Take a Pill to Quit Smoking Weed?
While many cannabis producers and marketers might not want to openly declare it, excessive use of cannabis is detrimental to health. Cannabis Use Disorder has been the name used to describe this condition and has seen been as a matter for the pharmaceutical industry to give an answer to. It would seem that Segal Trials has done just that as its new drug is set to commence clinical trials for cannabis use disorder. Read on as we explore all that there is to know about the new drug that is set to begin its clinical trials.
Cannabis Use Disorder is a condition where severe use of cannabis leads to dependency in the user and promotes deleterious effects. Common symptoms of cannabis use disorder include depression, restlessness, anxiety, irritability, anxiety, and dysphoria. It is also known as cannabis addiction or marijuana addiction. The point of tagging a condition as cannabis use disorder is when the user doesn’t cease its use despite apparent social and health problems being linked to its use.
The prolonged use of cannabis which causes the user to develop tolerance to the effects of THC is one of the mechanisms causing cannabis use disorder. This causes dependency in some chronic cannabis users and any attempt to cease causes withdrawal symptoms. Another factor that can promote the early onset of this condition in some individuals is the drastic increase in the potency of cannabis taken. A change in the mode of delivery can also hasten the development of dependency and eventually cannabis use disorder.
The issues associated with a dependency that comes with cannabis use disorder are there for all to see but a pharmaceutical solution is already on the horizon. Segal Trials, a clinical research network based in South Florida recently announced that it will soon commence Phase 2B study for a new drug for cannabis use disorder. The drug designated as AEF0117-202 as disclosed in a press release on October 5 is being created by Aelis Farma. The Phase 2 study that is about to commence is a random, double-blind, placebo-controlled study. The study will consist of 4-arms, a parallel group and a multicenter towards determining its efficacy.
The new drug is being classified under a new class of drugs called sCB1-SSi. It will be the first of such drugs chosen as a clinical candidate towards the treatment of cannabis use disorder. The drug is expected to react to the same endocannabinoid receptors as THC in the body. This effect is expected to create a stop in the dependency and halt the progression of deleterious symptoms that might come with withdrawal.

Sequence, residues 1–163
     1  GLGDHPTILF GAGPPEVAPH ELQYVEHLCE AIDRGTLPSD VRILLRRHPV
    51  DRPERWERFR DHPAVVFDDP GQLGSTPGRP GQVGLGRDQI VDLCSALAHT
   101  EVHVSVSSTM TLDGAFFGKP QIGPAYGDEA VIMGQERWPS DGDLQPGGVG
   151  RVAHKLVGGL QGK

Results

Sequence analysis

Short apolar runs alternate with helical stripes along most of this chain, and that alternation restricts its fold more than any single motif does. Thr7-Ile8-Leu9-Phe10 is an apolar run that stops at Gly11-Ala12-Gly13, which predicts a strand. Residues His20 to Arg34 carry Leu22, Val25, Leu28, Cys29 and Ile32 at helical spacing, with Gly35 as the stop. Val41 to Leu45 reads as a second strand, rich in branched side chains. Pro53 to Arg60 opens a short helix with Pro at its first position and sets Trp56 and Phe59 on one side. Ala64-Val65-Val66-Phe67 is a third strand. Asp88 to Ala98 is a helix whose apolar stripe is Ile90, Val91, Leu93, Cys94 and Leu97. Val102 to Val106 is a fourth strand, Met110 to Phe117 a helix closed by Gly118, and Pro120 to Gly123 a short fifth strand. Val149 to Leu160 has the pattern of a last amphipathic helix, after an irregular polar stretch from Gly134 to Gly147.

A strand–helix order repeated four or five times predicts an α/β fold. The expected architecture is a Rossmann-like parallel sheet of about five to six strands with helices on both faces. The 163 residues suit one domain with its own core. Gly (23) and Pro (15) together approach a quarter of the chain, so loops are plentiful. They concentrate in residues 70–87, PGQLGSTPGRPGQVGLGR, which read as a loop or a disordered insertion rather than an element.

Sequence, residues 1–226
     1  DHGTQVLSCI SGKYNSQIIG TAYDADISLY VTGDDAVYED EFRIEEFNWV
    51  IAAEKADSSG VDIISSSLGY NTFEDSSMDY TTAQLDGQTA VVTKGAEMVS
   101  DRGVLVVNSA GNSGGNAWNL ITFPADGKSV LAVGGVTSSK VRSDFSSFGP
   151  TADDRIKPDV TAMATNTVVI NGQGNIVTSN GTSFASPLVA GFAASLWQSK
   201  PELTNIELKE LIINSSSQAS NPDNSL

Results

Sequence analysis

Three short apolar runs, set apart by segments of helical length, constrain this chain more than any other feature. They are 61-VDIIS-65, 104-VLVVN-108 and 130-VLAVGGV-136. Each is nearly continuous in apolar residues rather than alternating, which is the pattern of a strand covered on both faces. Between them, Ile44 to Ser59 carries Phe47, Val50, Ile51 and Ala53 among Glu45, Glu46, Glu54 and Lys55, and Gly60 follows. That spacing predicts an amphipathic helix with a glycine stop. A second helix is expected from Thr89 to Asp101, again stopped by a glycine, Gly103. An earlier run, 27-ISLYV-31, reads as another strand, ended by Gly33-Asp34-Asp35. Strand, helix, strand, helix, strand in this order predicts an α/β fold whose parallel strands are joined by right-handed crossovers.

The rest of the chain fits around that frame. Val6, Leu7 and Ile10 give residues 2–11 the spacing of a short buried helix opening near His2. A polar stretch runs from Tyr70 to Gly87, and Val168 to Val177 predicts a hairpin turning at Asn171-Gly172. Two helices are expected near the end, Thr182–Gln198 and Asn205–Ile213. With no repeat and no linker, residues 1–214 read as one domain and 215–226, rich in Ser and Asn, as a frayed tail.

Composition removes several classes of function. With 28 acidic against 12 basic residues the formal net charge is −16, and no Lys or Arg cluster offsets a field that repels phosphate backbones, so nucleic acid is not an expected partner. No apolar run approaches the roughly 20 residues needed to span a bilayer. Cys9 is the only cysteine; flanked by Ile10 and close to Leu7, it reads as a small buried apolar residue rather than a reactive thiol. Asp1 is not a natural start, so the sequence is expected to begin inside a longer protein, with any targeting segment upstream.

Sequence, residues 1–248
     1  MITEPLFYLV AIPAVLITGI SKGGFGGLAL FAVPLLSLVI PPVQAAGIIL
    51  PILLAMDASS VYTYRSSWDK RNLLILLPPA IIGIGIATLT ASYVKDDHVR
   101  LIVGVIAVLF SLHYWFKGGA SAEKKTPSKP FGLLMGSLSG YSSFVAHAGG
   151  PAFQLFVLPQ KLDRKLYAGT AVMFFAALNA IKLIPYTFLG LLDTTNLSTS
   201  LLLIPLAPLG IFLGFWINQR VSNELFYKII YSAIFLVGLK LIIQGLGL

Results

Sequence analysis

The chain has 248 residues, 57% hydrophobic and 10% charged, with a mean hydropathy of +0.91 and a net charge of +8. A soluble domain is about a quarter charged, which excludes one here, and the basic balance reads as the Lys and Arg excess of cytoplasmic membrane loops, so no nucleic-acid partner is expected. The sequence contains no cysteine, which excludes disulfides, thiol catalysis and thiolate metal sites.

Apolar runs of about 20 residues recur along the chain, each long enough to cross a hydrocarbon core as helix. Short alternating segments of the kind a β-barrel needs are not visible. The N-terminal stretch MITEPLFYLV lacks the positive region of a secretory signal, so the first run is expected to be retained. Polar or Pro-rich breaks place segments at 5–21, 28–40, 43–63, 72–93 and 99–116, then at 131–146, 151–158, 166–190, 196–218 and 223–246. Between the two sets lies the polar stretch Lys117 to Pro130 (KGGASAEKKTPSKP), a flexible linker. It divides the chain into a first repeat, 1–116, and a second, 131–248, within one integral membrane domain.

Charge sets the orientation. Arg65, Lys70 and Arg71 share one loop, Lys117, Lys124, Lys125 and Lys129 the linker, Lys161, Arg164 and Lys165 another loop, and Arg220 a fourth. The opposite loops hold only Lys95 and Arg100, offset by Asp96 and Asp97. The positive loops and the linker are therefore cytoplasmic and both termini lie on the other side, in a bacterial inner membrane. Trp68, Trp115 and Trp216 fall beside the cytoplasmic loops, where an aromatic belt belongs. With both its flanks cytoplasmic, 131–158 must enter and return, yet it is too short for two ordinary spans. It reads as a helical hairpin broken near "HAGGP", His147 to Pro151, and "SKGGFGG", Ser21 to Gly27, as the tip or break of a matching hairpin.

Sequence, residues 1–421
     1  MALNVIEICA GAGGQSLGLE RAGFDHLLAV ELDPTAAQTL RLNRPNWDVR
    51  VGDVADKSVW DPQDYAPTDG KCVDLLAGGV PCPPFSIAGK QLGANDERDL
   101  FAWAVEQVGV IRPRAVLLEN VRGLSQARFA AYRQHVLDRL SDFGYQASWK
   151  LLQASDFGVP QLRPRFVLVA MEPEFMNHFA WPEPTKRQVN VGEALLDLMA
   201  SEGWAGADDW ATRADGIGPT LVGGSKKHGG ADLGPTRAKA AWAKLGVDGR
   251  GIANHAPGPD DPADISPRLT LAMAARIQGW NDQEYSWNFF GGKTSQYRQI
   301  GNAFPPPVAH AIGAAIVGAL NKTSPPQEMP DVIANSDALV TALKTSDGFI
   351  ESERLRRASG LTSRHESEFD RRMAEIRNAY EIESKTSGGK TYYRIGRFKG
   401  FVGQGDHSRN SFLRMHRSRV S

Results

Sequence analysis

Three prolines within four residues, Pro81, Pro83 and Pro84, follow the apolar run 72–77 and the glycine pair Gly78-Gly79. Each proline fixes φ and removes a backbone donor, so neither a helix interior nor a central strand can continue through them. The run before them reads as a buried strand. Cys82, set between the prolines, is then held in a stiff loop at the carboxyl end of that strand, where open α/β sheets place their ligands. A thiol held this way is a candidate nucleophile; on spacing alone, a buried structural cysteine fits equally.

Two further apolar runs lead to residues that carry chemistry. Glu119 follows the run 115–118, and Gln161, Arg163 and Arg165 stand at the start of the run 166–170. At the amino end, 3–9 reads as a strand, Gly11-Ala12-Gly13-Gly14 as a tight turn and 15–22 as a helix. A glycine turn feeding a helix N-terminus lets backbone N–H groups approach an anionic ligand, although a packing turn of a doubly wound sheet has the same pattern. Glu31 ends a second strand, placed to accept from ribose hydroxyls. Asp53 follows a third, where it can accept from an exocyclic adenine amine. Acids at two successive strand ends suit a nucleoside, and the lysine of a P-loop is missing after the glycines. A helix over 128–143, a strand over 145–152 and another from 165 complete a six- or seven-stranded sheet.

For the purpose of the trials to be carried out to determine the efficacy of the drug, a criterion has been set to classify how much cannabis is too much. People with cannabis use disorder are defined as those who use cannabis five times per week or more. Such selected individuals are to be chosen as study participants. A group of these participants are to be administered the trial drug orally while another group will be given a placebo.
Three different doses of the trial drug (0.1mg, 0.3mg, and 1.0mg) are to be given to the study participants in capsules. Results from the test will justify the hypothesis that since AEF0117 acts across similar receptors as THC, it can alter some of the effects of cannabis. The Medical Director and Chief Scientific Officer at Segal Trials, Rishi Kakar believes the study will help people desperate to end their reliance on cannabis.
The cannabis withdrawal symptoms being used in the study include cravings, restlessness, decreased appetite, irritability, and mood and sleep difficulties. A recent study by the Center for Disease Control and Prevention shows that 3 of 10 cannabis users suffer from cannabis use disorder. Another study also shows that there is a 10 percent chance that people who use cannabis will become addicted. This shows the importance of the work being done by Segal Trials on the development of a pharmaceutical drug for cannabis use disorder.
The trial for the new drug to be done by Segal Trials is said to be done at the Center for Psychedelic and Cannabis Research. The centre was specifically built for such structured trials to promote patient comfort and patient safety while conducting the trials. The team has also worked on psychedelics to conduct a clinical trial on the efficacy of LSD D-tartrate for treating general anxiety disorder. This serves as a foundational basis for which the group seeks to establish this new drug as a solution to cannabis use disorder.
One of the major factors that have been identified for the increase in cannabis use disorder is the rise in dabbing. The presence of new and modified modes of delivery of cannabis has resulted in an increase in the potency of THC as more concentrates are being developed. This has resulted in the development of cannabis products with high potency over the last twenty years.
The absence of an approved drug for cannabis use disorder has also increased the incidence of the condition. The lack of a proper definition of the condition for a long time resulted in a lack of clinical research on it for quite some time. This in turn created an absence of considerable literature that is needed to facilitate the development of the pharmaceutical drug.
The development of the new drug and the commencement of its clinical trials are definitely comforting news for many. The menace of cannabis use disorder is one that many have continued to shy away from for quite some time. However, if the results of these clinical trials come back successful then we can be looking towards the development of a new era. An era where cannabis dependency and withdrawal symptoms are a thing that can be corrected by the work of a pharmaceutical pill.